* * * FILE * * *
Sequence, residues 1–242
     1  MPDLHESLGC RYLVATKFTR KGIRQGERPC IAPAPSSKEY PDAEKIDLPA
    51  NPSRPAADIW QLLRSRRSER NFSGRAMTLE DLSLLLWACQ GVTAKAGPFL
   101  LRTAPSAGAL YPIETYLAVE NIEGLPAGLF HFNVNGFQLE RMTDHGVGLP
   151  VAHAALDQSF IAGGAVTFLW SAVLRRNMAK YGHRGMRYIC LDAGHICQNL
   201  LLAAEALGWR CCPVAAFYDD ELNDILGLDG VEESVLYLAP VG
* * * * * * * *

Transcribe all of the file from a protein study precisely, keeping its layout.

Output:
Sequence, residues 1–242
     1  MPDLHESLGC RYLVATKFTR KGIRQGERPC IAPAPSSKEY PDAEKIDLPA
    51  NPSRPAADIW QLLRSRRSER NFSGRAMTLE DLSLLLWACQ GVTAKAGPFL
   101  LRTAPSAGAL YPIETYLAVE NIEGLPAGLF HFNVNGFQLE RMTDHGVGLP
   151  VAHAALDQSF IAGGAVTFLW SAVLRRNMAK YGHRGMRYIC LDAGHICQNL
   201  LLAAEALGWR CCPVAAFYDD ELNDILGLDG VEESVLYLAP VG